Islam creates para-militarized societies and generates social friction wherever it is present because of it’s inherent ingroup/outgroup aggression that is natural of clan based semitic tribal religions. The Jews of antiquity were likewise equally violent and obnoxious towards their pagan neighbors and it was only having their repeated aggression put down in extremely effective fashion by Babylonian, Greek, and finally Roman overlords that they finally gave up the ghost.

Furthermore Sunni Islam in particular is much more destructive than it’s Shia counterpart and is incompatible with non-muslim societies because of the nature of their liturgy. The fundamental point of divergence between the two may seem relatively minor and irrelevant but it has massive ramifications. Shia hold that only a lineal descendant of Mohammed via Ali is fit to rule over Muslims. The Sunni hold that “righteousness” is the only requirement. What this really means is that the Shia are in effect legitimists and beholden to natural order and hierarchy. The Supreme Ayatollah is the law of the land in Iran and you cannot exceed him theologically, and he more critically serves as a firebreak to radicalism because trying to out holy him gets you beheaded. It is also the reason why King, Church, and Pope were so necessary for the proper functioning of Europe until that devil Luther came along. It should be no surprise that the rise of Protestantism in Germany was accompanied by massive amounts of Anabaptist insanity as protestants tried to out holy each other in a massive signaling spiral that resulted in some truly crazed nonsense. I think even Luther realized it too when he had people who tried to out Holy him burned at the stake for heresy, and the eventual domination of State Churches put the kibosh on the most excessive elements Protestantism unleashed. Then again the modern perversion of the entire “Liberal” weltanschauung can be argued to trace back to it’s Protestant roots. Homosexual marriage and rapefugee invasion is simply more of the same holiness signaling that Protestantism originally unleashed.

The Sunni Muslims are the funhouse mirror dopplegangers of the Pozz that affects the West. Because they demand rule by righteousness, “righteousness” is what they get in that the Overton window naturally keeps on shifting towards the more religiously obstinate and sectarian and there is no firebreak to this phenomenon. Thus the gradual spread of more Hijabs, then Niqabs once the Hijab's have reached universality, along with beards, and more social pressure to conform to ever more radical norms. Before you know it, they are slitting infidel throats for the glory of Allah. This slippery slope can only be arrested by a powerful military strongman but it can never be truly reversed without either demographically reducing them to a small enough minority where they cant cause trouble or convert them to Shiism which makes them tolerable. Otherwise they will inevitably destroy the non-Sunni Muslim component of any society they happen to be amidst via low level sub-state aggression and violence as has tended to happen elsewhere, unless they met a force equally as clannish but with greater capacity for organized violence as has happened in Israel.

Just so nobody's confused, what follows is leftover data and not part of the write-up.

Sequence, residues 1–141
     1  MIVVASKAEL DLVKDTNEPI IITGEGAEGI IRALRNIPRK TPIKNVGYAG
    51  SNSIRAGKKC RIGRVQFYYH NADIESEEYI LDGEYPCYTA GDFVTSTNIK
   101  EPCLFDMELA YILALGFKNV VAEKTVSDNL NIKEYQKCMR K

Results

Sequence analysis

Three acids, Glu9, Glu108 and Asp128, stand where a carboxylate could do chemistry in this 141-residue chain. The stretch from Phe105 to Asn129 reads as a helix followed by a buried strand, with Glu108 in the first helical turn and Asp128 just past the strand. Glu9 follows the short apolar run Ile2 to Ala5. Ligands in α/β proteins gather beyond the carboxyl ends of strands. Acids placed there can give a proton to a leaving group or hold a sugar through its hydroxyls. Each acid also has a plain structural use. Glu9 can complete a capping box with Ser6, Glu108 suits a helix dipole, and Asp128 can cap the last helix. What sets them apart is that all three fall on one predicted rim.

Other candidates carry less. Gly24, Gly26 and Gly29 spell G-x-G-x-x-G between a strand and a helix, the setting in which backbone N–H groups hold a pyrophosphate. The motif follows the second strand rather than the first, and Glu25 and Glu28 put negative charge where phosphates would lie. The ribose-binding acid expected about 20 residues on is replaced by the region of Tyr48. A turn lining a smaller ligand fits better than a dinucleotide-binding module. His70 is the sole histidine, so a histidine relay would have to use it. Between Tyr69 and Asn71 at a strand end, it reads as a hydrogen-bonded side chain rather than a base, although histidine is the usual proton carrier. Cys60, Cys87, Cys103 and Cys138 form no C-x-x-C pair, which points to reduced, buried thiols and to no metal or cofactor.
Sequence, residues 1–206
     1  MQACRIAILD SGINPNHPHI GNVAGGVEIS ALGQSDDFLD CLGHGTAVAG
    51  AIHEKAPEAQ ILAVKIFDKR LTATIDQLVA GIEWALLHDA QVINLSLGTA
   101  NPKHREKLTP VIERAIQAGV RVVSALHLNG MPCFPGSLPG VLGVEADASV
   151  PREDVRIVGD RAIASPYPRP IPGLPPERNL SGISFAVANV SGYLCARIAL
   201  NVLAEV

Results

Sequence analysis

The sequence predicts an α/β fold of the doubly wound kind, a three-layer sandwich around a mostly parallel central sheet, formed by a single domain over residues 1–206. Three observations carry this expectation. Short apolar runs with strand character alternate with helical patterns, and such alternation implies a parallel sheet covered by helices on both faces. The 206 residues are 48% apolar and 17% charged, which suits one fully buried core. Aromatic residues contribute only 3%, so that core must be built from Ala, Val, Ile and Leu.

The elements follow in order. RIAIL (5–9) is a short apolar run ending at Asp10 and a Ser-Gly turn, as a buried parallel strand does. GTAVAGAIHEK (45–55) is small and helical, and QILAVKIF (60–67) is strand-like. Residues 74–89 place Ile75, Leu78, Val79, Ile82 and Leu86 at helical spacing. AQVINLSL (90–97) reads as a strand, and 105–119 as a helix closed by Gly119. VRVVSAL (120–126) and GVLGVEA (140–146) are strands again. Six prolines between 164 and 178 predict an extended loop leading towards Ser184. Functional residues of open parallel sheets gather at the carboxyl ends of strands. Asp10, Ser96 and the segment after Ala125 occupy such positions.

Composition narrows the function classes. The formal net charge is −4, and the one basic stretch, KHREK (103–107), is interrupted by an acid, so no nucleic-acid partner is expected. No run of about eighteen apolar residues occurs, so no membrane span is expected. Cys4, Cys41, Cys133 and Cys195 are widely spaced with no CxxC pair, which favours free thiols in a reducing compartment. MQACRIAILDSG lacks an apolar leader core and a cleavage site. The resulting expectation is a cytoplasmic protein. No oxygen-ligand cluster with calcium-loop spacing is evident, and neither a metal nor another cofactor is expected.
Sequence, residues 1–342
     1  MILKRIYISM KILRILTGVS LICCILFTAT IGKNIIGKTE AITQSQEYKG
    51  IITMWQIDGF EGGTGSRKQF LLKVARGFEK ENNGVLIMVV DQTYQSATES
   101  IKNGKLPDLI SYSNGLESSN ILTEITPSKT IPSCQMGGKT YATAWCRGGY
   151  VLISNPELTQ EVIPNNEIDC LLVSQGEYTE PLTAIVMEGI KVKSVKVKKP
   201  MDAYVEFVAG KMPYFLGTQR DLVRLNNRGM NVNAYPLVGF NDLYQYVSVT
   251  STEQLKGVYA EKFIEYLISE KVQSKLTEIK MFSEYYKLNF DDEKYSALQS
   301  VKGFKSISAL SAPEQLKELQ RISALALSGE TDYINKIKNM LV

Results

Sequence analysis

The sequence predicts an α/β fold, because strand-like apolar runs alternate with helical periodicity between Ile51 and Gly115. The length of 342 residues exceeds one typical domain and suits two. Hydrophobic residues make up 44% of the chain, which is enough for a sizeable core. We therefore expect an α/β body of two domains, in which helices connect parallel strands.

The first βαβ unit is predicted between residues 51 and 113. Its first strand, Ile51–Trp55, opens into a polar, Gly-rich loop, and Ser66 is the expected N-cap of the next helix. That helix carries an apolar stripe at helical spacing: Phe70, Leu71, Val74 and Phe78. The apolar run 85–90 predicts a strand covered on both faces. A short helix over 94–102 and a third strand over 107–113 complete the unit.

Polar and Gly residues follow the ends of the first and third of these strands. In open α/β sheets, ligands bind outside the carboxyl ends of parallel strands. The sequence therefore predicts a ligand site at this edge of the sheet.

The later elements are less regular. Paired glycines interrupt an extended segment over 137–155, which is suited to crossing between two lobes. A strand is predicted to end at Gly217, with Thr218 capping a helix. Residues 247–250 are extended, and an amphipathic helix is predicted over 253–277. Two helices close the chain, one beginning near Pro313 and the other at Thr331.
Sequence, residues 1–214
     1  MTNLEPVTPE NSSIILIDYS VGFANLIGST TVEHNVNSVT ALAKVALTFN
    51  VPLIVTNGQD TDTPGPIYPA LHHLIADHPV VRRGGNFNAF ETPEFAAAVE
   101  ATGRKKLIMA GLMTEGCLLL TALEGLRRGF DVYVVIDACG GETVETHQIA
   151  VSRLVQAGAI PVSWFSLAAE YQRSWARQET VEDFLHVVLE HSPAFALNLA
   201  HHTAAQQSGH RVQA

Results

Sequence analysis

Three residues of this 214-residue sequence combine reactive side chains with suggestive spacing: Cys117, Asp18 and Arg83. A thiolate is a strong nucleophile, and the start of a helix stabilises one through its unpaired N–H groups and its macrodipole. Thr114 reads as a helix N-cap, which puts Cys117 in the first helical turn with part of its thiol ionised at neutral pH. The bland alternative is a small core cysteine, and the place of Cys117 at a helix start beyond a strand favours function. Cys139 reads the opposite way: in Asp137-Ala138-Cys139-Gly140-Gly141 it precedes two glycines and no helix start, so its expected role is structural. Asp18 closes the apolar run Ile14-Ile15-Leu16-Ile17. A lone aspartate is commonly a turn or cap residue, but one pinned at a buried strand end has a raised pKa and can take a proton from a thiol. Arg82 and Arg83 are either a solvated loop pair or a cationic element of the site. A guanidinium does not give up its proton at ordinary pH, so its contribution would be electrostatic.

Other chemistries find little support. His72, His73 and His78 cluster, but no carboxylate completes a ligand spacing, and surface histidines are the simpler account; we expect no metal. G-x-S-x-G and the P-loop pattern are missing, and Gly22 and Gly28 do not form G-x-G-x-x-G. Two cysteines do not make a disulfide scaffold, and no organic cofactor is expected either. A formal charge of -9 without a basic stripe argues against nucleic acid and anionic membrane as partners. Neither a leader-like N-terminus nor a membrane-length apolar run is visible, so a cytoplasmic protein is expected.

Duke of Qin said...

There can be no peace with Islam because Islam will not accept anything but more Islam. Thus any stability is mere illusion as what exists is not peace but rather a permanent state of tension always awaiting the next spark of rabid Islamic mob violence. The Chinese Communist Party, bless their hearts, have a profoundly deeper understanding of human psychology in many ways than liberals, in the areas that count anyways though unfortunately they are blind to others. Human socialization is driven by ritual norms that shape our subconscious behavior. The things we do by rote and habit make us what we are. Islam, like its Judaic counterpart attaches to this process and pushes this to the extremes. All the little taboos for this and that are designed to shape adherence to become more religiously aligned. It is precisely this fact that the first thing Islamists do is not to really convince anyone through arguments overs matters of faith, but to control external behavior and manifestations of Muslimness. The Communist Party recognizes how the pathology spreads and inoculates Chinese society by blasting into rubble all external signifiers of Islamic adherence and thus providing no purchase for the rolling ball of Islamicization to begin it's slippery slope. The West's utter failure to contain the radicalization with it's own Muslims is because they mistake cause and effect, assuming personal initiative will prevent Muslim radicalization while ignoring the religious policing by other Muslims to ever more overt displays of Muslimness.